Nellie Mae Rowe’s art is typically colorful, usually fanciful, at times autobiographical, and often inspired by her deep religious faith. She has been heralded as one of this country’s most significant self-taught African American artists, although national attention did not accrue until she was in her seventies. The ninth of ten children, Rowe was born in a farming community twenty miles south of Atlanta; her formal schooling came to an end in the fourth grade she began working in the cotton fields to help support the family. Her father, a formerly enslaved person, was a farmer and blacksmith; her mother was a seamstress and quilter who taught her daughter how to craft dolls and small sculptures. To escape this environment, Nellie Mae married at age sixteen. In 1930, she and her husband moved to Vinings, Georgia, which at the time was a rural community northwest of Atlanta; it has since been absorbed by the city’s sprawl. She lived there for over fifty years and was employed as a domestic servant.

After the 1948 death of her second husband, Rowe transformed their three-room frame home into her “playhouse,” where she made her multifaceted art. Like other African American artists such as Thornton Dial, she displayed many of her creations in the yard, hanging some from trees and combining them with plants and miscellaneous objects. Unfortunately, she was sometimes the victim of vandalism and theft by people who did not appreciate her desire to “decorate the outdoors.”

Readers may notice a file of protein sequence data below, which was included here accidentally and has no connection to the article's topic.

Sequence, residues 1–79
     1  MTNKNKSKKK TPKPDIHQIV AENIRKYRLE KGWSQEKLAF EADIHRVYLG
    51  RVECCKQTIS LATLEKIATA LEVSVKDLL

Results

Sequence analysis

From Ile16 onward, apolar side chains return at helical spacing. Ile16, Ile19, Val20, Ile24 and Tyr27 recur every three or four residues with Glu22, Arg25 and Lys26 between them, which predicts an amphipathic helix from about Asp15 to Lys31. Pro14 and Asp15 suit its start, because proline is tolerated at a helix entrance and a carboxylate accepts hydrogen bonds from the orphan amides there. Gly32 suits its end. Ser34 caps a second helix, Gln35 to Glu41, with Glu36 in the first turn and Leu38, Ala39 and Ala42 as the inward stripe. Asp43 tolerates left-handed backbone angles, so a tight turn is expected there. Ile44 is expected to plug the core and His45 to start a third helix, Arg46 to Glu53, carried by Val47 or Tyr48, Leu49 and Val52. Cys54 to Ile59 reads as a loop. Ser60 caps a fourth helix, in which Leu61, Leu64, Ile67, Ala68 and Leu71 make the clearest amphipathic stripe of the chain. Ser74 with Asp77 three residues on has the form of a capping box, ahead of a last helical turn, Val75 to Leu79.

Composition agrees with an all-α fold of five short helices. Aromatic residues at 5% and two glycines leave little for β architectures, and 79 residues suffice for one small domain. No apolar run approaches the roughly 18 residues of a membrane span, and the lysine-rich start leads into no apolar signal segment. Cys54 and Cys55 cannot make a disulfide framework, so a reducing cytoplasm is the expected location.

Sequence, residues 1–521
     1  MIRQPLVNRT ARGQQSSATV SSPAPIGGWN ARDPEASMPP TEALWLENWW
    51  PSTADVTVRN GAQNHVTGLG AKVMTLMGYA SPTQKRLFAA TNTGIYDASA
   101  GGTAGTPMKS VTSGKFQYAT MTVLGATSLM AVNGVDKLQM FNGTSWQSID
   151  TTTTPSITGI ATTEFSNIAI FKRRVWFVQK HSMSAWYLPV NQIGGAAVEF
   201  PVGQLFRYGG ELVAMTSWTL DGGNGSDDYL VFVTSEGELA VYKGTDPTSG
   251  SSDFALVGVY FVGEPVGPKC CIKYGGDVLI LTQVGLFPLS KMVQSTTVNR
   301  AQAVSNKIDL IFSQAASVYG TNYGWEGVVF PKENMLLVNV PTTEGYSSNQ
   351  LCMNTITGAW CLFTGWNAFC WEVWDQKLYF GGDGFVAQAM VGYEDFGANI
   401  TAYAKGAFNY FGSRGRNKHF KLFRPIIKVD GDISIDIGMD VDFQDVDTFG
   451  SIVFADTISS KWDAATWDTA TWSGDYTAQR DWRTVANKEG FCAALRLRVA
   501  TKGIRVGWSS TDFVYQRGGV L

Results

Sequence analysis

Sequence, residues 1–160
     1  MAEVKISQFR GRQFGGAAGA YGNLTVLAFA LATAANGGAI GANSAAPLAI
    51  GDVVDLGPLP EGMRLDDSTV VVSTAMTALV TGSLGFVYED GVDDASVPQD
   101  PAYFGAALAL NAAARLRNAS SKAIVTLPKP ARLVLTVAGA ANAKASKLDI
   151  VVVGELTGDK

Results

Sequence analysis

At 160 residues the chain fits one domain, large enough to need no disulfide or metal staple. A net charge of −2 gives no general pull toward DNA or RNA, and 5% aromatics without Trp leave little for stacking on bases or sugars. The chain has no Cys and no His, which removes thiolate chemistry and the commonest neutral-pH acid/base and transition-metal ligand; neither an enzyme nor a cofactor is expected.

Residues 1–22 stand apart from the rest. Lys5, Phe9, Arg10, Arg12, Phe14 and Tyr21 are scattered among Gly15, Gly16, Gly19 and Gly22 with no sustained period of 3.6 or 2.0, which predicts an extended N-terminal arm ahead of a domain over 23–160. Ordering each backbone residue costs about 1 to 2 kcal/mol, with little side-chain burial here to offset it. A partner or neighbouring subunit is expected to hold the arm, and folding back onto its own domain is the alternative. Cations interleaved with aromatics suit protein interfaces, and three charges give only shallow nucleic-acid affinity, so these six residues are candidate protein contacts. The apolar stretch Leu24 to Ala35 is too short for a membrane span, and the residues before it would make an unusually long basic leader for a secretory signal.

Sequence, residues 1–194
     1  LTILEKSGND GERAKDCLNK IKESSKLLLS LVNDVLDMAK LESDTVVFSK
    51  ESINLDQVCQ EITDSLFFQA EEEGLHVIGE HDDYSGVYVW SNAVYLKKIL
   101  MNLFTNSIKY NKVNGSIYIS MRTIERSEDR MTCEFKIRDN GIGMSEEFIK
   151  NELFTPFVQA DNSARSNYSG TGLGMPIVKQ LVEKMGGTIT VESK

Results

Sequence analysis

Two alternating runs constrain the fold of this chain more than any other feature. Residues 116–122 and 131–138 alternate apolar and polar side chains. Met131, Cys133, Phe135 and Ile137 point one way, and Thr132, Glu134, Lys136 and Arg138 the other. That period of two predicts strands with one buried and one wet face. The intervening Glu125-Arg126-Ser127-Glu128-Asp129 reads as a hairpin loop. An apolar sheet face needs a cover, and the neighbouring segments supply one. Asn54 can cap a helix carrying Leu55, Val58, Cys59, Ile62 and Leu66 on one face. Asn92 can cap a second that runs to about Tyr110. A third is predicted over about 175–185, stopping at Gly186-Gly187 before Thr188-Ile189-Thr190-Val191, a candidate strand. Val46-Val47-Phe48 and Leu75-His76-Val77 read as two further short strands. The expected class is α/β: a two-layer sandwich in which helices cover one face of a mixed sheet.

Not considering herself a professional artist, Rowe explained her compulsion to make things and her early fascination with drawing: “I ain’t gone to school to learn no work like that. I guessed at it when I was a little gal, just lay down on the floor and draw. . . . I just had to get my pencil and draw something. That was in me and it’s still in me.” Although she used an array of materials in her work—often merging them in collages and assemblages—she eventually developed a decided preference for colored pencils. Her imagery was based on her own life and dreams, and regularly featured animals, and trees; following a cancer diagnosis, Rowe began to incorporate an empty chair into her drawings. Sometimes she indulged in outright satire. Her pieces are frequently accompanied by texts she wrote herself.

Her inclusion in a 1976 exhibition at the Atlanta History Center marked a turning point in Nellie Mae Rowe’s career. Two years later, she was befriended by Judith Alexander, a gallery owner who hosted Rowe’s first one-artist exhibition. Alexander boosted Rowe’s enthusiasm for making art, often provided her with materials, and donated 130 pieces to the High Museum of Art. Six years after Rowe’s death in 1980, her work was showcased in an exhibition at the Studio Museum in Harlem and again at the American Folk Art Museum in New York in 1999.